What Happens When Mother Nature Reminds You Who You Truly Are

There is nothing, nothing more healing than the mother nature.

Many discovered this during our first universal and unifying lockdown, when we were forced to stay indoors, forced to go within.

Those shorter than usual sojourns into the great outdoors proved to be our saving grace and our protection against the downward spiral into insanity. 

How precious it was last spring to see those first burgeoning buds on the trees, green and bursting with hope, thousands upon thousands of them, promising an abundance we could scarcely imagine at the time. 

They continued to grow.We continued to grow. 

Out of this situation? 

We hope so. And when we look at mother nature, so steadfast and oblivious, we know so. 

What Happens When Mother Nature Reminds You Who You Truly Are

I have always known this. I am not going to say I told you so because I know you know it too. But I remember a time as a teenager when hope seemed fully extinguished.

I was dragging my highly sensitive self through a world that seemed intent on crushing my spirit, when on a certain Easter Sunday morning, I opened my bedroom curtains and the forgotten plant on my windowsill was bursting into flower.

It seemed to me like a miracle, a mini resurrection, and I cried tears of gratitude and joy. If this ignored and neglected plant had the means to spring back to life, surely I did too. So many possibilities were contained in that one little pot.

And stepping further back in time, a family trip to my father’s birthplace on the West coast of Ireland. Up until then I had been a city dweller, growing up in a block of flats in London.

I was stunned at the hills that the locals took for granted, yellow with gorse, purple with heather and festooned with white bog cotton.

Always In Awe with Mother Nature

Why wasn’t everybody stopping what they were doing and gaping in awe, as I was? And what about the river that ran through the village, traversed by an ancient, stone bridge? The way it babbled over the rocks, crystal clear and chiming like so many church bells. 

There is a photo of me sitting on that bridge, sporting a pudding bowl haircut and wearing a cardigan that my granny had knitted. I look supremely content. But still you cannot hear how loudly my soul is singing. 

It has never fully gone away, that feeling.

Yes, it has been obscured at times by clouds. Either real ones in the sky or the clouds of depression that felt so real but were later revealed to be no more than wisps of gaseous tear drops floating in the sky of my true self. 

Depression has been a recurring theme in this the great cosmic book of my life. The first chapter occurred at age fourteen when I was ripped up by the roots from my childhood home in England and awkwardly transplanted to my parents’ native Ireland, only to grow somewhat crookedly into adulthood.

There was nothing about this new soil that seemed the slightest bit native to me. Rather, it was alien terrain. I didn’t know what was happening to me, both inside and out, and it took years to identify the culprit, that same black cloud that has accompanied me throughout. 

So I took to walking.

Out of the cloying atmosphere of the family home and my parents’ toxic marriage. Down to the seafront, near to where I lived, identifying with the raucously screaming sea birds until the swishing of the water over the rocks finally calmed me down.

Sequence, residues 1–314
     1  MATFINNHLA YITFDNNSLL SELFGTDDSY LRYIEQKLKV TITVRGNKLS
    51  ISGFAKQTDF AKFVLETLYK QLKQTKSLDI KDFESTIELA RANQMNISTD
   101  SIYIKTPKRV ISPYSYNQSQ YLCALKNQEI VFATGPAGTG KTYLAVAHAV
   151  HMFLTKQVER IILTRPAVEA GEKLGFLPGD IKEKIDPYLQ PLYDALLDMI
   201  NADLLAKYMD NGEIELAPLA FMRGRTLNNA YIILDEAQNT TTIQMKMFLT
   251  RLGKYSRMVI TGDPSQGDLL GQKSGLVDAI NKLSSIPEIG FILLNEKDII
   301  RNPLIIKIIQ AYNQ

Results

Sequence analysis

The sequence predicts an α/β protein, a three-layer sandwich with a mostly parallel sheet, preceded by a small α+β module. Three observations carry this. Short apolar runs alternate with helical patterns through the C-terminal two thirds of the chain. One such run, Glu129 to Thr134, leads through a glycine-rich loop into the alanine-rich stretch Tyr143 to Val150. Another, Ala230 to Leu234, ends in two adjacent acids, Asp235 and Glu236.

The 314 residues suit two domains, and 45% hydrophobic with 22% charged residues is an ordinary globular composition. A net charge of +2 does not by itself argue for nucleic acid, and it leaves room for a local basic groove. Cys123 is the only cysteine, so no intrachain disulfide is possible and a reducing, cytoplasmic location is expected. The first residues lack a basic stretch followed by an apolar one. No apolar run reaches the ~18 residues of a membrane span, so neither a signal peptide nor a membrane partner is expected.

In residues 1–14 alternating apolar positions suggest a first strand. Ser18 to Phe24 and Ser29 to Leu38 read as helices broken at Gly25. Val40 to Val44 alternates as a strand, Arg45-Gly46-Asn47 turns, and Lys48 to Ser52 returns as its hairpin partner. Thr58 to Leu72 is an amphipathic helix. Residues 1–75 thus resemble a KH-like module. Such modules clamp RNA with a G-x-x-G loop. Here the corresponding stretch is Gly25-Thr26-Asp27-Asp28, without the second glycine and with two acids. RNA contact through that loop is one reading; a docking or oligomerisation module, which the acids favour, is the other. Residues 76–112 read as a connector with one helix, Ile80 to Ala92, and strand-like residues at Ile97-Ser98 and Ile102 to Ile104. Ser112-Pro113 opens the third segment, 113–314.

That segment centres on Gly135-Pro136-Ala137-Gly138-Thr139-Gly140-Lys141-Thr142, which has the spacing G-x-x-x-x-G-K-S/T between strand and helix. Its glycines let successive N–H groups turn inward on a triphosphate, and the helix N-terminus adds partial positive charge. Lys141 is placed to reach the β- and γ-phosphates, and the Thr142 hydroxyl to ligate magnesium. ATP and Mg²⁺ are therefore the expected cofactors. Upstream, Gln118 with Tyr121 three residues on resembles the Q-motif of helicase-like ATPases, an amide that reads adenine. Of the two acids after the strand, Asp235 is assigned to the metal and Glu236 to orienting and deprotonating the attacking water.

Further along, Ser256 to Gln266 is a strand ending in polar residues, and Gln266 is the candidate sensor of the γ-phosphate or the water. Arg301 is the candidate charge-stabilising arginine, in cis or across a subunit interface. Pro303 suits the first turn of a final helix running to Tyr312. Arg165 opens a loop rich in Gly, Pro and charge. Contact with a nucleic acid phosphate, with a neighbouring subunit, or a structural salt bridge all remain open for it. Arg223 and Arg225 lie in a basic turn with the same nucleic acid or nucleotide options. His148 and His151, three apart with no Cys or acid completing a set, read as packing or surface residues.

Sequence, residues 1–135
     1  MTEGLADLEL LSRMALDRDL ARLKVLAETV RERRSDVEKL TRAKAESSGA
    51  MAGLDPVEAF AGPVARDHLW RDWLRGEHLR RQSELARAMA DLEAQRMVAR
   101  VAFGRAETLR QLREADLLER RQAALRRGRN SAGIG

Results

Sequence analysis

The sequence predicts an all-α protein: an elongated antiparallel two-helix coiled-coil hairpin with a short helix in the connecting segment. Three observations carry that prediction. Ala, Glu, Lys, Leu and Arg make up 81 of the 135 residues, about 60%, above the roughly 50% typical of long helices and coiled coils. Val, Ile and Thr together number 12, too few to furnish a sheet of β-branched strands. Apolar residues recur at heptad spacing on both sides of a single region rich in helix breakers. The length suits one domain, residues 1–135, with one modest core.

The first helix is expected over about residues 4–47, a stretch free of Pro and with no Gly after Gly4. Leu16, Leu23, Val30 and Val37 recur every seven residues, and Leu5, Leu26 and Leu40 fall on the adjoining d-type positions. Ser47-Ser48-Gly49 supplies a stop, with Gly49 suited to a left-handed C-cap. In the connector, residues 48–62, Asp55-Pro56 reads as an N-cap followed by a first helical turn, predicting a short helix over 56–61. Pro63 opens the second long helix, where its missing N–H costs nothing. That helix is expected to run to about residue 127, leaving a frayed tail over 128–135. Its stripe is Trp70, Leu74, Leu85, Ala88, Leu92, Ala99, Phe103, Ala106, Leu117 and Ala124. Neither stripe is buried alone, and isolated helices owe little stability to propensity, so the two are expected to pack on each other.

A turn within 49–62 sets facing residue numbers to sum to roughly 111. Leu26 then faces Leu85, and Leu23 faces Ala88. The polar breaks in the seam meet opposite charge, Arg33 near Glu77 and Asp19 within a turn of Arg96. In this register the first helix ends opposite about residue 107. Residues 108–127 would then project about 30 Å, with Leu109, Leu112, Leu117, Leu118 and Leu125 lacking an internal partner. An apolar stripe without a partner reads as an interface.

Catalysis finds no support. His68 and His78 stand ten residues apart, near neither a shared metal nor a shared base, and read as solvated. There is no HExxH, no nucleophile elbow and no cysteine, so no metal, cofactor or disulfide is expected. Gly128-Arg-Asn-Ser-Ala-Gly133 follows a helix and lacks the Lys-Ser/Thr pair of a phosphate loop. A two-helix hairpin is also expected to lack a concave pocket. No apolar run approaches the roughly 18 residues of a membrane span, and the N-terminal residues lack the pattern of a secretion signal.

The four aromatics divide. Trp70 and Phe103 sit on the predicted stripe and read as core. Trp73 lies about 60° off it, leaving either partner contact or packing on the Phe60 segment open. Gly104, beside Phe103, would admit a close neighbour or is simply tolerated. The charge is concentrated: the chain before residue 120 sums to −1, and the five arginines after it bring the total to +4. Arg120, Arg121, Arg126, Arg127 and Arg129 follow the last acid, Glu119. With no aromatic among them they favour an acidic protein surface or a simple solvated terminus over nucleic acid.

I had designated routes down to this watery haven. Certain trees and flowers that I would use as landmarks and touchstones, anchoring me to the earth that I sometimes did not want to be on.

Mother Nature Is Your Best Friend

I was friends with more trees than I was with people. And the black dog that sometimes accompanied me on those walks-a real black dog-not the depression kind-she was the most loyal companion of all. 

Flowers, trees and animals, they do not judge. Neither do they criticize or take advantage. They do not let you down, or glory in your pain, laughing at the wounds that they themselves have inflicted upon you.

They only delight with their colour and scent. Stir the senses with the rustling of their leaves, dappling the sunlight in order to enchant and delight. 

I felt it again years later, while going through my divorce, the way the trees rained down their love for me. I inhaled it all like a desperate drug addict. 

They were always there for me, they never went away. Different trees, different locations but the same green fuelled comfort. And they will be with me till my dying day.

“The meaning of life is to find your gift. The purpose of life is to give it away.”~ Pablo Picasso

If all I have access to is a potted plant at my bedside, I will stare into its leafy centre and watch its miracle slowly unfold, like a life beginning and ending and constantly recurring. Back into the earth, back out of the earth, again and again. Mother nature’s constant cycles, the comforting rhythm of life, death and rebirth

We are part of it all, you know. Mother nature doesn’t let us forget our own true nature. Our true meaning. Our meaningfulness. 

You are meant to be here.

You are part of it all.

You have value.

You have worth.

You are goodness.


Tara Heavey

Bio: Tara Heavey is the author of six novels. She is also a certified journal instructor and has many years of experience working as a creative writing teacher. Find out more about Tara and her latest book, “Nature Writing for Wellbeing” on her website www.taraheavey.com and on Amazon.

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